Jonathan Majors’ Motion To Toss Criminal Conviction Denied By Judge

Jonathan Majors
HOLLYWOOD, CALIFORNIA – FEBRUARY 27: Jonathan Majors attends the Los Angeles Premiere of “CREED III” at TCL Chinese Theatre on February 27, 2023 in Hollywood, California. (Photo by Alberto E. Rodriguez/WireImage)

Manhattan Criminal Court Judge Michael Gaffey has made a decisive ruling regarding former Marvel actor Jonathan Majors’ legal woes. Majors’ attempts to void his domestic violence conviction have been tossed by the judge.

Following a tumultuous legal battle, Jonathan Majors’ conviction on assault and harassment charges has been upheld. The charges come from a domestic dispute with his former girlfriend, Grace Jabbari. He was found guilty of reckless assault in the 3rd degree and a non-criminal charge of harassment as a violation. However, he was acquitted of another assault charge and one count of aggravated harassment.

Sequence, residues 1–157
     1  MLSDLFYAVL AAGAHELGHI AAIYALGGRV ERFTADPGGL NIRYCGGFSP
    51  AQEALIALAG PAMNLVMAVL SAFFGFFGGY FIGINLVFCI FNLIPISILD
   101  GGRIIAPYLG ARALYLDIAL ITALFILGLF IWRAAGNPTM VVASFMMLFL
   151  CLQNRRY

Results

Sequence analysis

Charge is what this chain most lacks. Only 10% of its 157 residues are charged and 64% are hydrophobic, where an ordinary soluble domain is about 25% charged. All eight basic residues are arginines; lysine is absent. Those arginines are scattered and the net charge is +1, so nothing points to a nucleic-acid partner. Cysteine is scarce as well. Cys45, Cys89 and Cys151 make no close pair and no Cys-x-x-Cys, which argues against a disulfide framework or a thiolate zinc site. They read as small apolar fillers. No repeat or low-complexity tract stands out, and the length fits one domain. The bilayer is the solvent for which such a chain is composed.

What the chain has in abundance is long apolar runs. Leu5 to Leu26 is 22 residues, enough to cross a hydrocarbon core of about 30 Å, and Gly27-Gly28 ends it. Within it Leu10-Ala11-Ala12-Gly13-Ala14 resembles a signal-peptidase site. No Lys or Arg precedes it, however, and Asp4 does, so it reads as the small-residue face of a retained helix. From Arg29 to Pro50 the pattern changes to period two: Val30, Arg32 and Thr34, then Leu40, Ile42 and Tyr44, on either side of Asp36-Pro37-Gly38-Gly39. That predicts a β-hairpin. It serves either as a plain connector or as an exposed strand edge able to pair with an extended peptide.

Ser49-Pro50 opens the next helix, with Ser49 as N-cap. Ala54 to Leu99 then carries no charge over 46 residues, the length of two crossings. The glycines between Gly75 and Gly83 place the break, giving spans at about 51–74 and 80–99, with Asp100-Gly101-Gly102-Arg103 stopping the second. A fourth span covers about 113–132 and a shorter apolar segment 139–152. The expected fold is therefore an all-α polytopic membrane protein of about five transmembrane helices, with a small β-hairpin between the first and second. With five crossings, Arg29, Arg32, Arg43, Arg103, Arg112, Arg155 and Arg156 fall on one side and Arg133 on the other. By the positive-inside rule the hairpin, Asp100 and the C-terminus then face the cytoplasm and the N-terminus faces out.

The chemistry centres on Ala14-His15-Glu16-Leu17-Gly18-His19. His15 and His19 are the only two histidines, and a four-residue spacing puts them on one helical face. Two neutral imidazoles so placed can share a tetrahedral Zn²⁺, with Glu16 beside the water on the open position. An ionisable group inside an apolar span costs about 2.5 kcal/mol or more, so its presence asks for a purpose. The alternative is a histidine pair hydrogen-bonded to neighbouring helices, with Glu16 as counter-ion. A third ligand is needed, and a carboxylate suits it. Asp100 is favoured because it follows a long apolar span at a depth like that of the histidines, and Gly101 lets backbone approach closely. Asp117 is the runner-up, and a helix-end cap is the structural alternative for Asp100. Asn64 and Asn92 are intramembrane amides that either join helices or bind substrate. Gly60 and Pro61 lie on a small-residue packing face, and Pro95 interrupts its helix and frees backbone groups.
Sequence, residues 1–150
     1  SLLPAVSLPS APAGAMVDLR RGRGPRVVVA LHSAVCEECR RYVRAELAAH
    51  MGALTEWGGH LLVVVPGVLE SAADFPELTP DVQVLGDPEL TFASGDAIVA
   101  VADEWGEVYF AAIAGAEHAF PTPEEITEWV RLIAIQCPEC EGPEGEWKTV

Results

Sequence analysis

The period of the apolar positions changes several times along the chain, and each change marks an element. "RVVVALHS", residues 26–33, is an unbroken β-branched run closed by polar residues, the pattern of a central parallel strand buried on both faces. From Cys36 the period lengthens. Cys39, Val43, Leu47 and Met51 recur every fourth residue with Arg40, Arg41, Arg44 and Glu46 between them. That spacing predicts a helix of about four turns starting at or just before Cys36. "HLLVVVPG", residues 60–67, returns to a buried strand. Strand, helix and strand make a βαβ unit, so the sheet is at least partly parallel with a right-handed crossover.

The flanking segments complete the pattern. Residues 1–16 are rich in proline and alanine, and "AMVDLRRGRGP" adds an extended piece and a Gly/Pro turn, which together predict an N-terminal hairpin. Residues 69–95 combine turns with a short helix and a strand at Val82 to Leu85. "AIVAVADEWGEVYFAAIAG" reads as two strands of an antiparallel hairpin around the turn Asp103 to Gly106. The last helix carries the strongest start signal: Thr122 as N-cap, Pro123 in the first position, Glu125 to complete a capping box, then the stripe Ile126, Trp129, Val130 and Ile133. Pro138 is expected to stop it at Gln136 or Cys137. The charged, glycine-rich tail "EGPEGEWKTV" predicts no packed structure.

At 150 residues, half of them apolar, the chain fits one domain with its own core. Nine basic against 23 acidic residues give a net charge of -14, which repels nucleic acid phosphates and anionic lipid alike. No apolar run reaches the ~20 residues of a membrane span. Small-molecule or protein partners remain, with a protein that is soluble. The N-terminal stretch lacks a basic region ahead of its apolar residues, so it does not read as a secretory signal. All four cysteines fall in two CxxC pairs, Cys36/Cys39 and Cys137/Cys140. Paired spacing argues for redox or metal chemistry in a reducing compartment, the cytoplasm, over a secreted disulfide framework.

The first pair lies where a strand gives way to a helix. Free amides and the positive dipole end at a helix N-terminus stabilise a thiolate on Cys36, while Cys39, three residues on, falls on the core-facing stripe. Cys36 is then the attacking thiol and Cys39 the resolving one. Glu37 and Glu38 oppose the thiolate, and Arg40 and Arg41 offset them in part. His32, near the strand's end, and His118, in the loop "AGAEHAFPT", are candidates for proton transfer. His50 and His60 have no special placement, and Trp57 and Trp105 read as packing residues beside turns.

Majors’ legal team attempted to overturn the conviction by filing a motion asking Judge Michael Gaffey to set aside the verdict. Prosecutors countered this move, urging the judge to uphold the jury’s decision. In a pivotal ruling, Judge Gaffey denied the defense’s motion, clearing the path for Majors’ impending sentencing on April 8th.

The incident in question occurred during a dispute over Majors’ cellphone in a chauffeured car on the streets of Chinatown. The jury concluded that Majors recklessly injured Jabbari during the altercation. The altercation resulted with a broken finger and a cut behind her ear. While acquitted of intentional assault and aggravated harassment, Majors still faces potential jail time for misdemeanor reckless assault and harassment charges.

Judge Gaffey’s decision refuted claims of judicial error and insufficiency of evidence put forth by Majors’ defense. Gaffey emphasized the reasonableness of the jury’s interpretation of events, highlighting Jabbari’s testimony and street surveillance footage as key pieces of evidence. Despite the defense’s efforts to argue otherwise, the judge found sufficient grounds to support Majors’ guilt in harassment in the second degree.